When she was 15 years old, digging around where she shouldn’t have been, Anna Stothard found an old box of her mother’s love letters. The letters, which weren’t from her father, were all signed “Douglas” or simply “D."
Stothard read those letters over and over, puzzling over who could have written them. Eventually, after recognizing a few unusual phrases about aliens and Galactic bureaucracy, Stothard realized the letters were from Douglas Adams. Yes, that Douglas Adams, author of The Hitchhiker’s Guide to the Galaxy and, coincidentally, one of Stothard’s favorite authors. Flash forward 15 years later and Stothard has used this moment as the kernel for The Pink Hotel, a coming of age story very different from her own.
The story of the Orange Prize long-listed novel is this: The unnamed, moody 17-year-old narrator arrives in Los Angeles from London, knowing almost nothing about her recently deceased mother other than her name and an address. (The mother had abandoned her daughter when she was three, leaving her to be raised by her distant, bitter father in London.) Arriving after the funeral, the girl crashes a surreal, drug-fueled wake at the hotel owned by her mother. The girl sneaks into her mother’s bedroom and steals a pair of her mom’s stilettos, a few over-sized dresses, and a suitcase filled with photos and love letters.
Instead of exploring her own mother’s secrets, Stothard wanted her novel to explore a deeper truth about mother-daughter relationships. “I look very much like my mother and some of our mannerisms are the same,” Stothard says. “Yet we’re very different people and I was fascinated by how I would have been, how my identity would have ended up, if I hadn’t had her there to analyze and react against.”
The Pink Hotel follows the waif-like narrator as she uses the letters and other clues to track down her mother’s ex-husbands and boyfriends. As she begins to understand her mother, the girl grows closer and closer to her mother’s love interests. Soon, the similarities between the girl and the mother she never knew start to emerge in unpredictable, potentially dangerous ways.
Despite a few notable similarities—both the novelist and her protagonist are British women who lived in Los Angeles at a young age—Stothard is quick to point out that she’s very different from her narrator. “I must have known that the idea [for the novel] came from finding love letters to my mother. But I don’t think I thought about it while writing.”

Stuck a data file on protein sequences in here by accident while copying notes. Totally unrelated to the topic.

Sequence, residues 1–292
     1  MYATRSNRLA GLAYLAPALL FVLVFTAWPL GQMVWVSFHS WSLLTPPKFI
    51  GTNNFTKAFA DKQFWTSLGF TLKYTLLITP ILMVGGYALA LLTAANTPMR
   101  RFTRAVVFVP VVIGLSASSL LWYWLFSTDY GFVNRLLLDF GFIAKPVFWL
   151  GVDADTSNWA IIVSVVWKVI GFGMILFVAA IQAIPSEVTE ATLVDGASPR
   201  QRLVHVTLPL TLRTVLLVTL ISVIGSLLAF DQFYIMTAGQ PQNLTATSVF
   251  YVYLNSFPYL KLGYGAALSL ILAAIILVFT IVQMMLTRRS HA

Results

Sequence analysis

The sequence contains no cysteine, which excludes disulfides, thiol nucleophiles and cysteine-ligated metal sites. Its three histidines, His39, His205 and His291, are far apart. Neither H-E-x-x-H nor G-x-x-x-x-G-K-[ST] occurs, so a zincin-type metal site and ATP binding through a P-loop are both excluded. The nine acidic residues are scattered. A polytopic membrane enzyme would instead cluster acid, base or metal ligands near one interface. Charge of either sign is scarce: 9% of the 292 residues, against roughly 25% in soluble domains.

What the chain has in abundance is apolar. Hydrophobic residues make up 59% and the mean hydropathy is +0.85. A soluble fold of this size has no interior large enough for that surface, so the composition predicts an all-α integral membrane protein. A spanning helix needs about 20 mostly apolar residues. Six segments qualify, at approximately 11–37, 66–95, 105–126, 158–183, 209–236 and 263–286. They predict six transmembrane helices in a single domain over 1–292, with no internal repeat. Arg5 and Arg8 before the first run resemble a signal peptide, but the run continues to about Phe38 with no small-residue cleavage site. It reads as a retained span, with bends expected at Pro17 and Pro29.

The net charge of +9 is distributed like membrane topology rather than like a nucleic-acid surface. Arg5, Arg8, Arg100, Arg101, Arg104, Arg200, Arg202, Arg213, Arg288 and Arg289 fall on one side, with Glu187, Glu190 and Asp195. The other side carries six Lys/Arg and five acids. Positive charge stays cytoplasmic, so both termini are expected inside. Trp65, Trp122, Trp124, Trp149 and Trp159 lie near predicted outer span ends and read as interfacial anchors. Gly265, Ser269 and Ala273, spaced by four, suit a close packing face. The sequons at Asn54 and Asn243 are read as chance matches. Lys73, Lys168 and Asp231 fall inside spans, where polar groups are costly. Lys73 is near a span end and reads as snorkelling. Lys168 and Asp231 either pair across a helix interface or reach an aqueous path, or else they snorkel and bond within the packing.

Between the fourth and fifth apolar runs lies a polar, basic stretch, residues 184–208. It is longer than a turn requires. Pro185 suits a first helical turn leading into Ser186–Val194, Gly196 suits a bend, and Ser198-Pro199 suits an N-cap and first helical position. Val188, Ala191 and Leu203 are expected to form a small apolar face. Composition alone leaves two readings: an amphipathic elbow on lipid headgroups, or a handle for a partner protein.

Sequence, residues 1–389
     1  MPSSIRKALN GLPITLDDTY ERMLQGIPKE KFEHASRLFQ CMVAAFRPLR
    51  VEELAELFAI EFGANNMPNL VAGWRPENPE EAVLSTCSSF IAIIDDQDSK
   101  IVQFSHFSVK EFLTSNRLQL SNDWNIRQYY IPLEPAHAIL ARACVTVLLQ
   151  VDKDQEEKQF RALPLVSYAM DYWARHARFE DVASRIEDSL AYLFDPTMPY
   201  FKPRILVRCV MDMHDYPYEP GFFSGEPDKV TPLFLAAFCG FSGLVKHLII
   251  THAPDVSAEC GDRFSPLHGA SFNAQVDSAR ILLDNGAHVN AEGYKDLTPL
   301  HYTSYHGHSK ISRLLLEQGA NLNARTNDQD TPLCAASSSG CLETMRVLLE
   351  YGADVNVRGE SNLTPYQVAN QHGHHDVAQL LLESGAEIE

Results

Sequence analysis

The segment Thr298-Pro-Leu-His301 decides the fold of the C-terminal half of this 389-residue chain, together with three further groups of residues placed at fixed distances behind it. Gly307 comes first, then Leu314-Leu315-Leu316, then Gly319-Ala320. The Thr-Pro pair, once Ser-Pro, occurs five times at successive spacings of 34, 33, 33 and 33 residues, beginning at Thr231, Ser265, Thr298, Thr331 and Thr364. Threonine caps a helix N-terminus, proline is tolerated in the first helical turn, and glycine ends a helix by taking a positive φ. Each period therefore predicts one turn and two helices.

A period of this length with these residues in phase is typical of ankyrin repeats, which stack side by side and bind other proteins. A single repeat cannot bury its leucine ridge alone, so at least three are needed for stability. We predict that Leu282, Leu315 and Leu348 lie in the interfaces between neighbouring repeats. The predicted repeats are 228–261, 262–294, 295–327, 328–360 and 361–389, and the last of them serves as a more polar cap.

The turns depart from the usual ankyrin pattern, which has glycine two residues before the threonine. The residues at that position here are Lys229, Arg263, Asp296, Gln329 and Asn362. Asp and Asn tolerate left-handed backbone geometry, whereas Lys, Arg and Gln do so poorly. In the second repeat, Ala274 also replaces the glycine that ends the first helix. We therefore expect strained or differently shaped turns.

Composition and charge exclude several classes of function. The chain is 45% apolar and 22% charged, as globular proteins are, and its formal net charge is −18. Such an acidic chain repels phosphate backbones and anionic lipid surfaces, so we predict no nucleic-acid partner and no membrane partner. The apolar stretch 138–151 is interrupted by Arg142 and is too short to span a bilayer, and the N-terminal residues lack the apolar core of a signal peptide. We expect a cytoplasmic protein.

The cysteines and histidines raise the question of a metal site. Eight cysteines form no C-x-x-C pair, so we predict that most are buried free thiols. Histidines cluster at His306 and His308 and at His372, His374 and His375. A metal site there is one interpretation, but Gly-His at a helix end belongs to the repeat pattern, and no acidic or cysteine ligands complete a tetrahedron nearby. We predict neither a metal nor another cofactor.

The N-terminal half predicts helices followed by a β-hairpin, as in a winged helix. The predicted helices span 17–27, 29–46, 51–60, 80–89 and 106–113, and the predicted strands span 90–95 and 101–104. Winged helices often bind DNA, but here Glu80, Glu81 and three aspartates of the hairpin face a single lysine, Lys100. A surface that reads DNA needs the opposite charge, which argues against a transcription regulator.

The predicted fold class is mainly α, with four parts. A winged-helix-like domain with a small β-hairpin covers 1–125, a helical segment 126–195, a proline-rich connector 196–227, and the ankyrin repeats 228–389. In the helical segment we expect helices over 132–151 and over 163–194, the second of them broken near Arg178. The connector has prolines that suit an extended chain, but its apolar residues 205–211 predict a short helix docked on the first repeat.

Still, Stothard has faced inevitable comparisons. “Sometimes people have read it and assumed that I am [the narrator] more than I am. That hasn’t worried me, but it has worried them,” Stothard says. “They assume that I went around trying to sleep with my mother’s boyfriends.
“Which I didn’t,” she drily adds.
The girl observes Los Angeles itself with suspicion—much like Stothard did after she moved to L.A. as an American Film Institute screenwriting fellow. “I expected to hate L.A.,” Stothard says. “The idea of a pool party makes me blush. But I actually ended up thinking it was an incredibly elemental, strangely violent, spectacular city. I decided to stay.”
Stothard’s anonymous protagonist creeps along the edges of the city and sometimes seems to disappear into the crowd. The narrator’s precise observations of L.A. have the kind of fresh details only an outsider can render: “The Armenian boys would watch and comment with their eyes on the amalgamation of the skinny models with fake breasts, the male actors who wore different fedora hats every day, the retired Armenians, the Thai cooks wearing white overalls, the film students wearing tortoise-shell Ray Bans.”
Stothard gained this unique perspective by doing something quite unusual, at least by L.A. standards—she never drove. “It was eavesdropping paradise if you’re taking the busses and the trains, and even walking,” Stothard says. “You see crazy interesting people, a whole side of L.A. that no one even looks at. Although, while walking people really think you’re properly insane or a prostitute. They will actually assume you’re a streetwalker if you’re a young girl not in a car.”
Though Stothard says her Hollywood days are behind her, Anna Paquin’s production company has purchased the film rights to The Pink Hotel. Paquin’s True Blood co-star Stephen Moyer will make his directorial debut with the adaptation. Stothard’s excited to see what Paquin and Moyer do with the novel, but she’s not collaborating on the screenplay. “I’ve given it to her in its entirety to do with what she wants,” Stothard says. “I quite like the idea of seeing it through someone else’s eyes. That interests me more than me going over it again.”
The journey from Douglas Adams’s secret letters to The Pink Hotel has taken years, yet Stothard’s own progression as a novelist has been impressive. With this just her second novel, Stothard already feels like a professional who’s gained a hold on her craft. Let the unnamed narrator remain anonymous; it is Anna Stothard’s name which should be remembered.
Richard Z. Santos is currently writing his first novel. His reviews and stories have appeared in Nimrod, The Rumpus, The San Antonio Express News, and many others.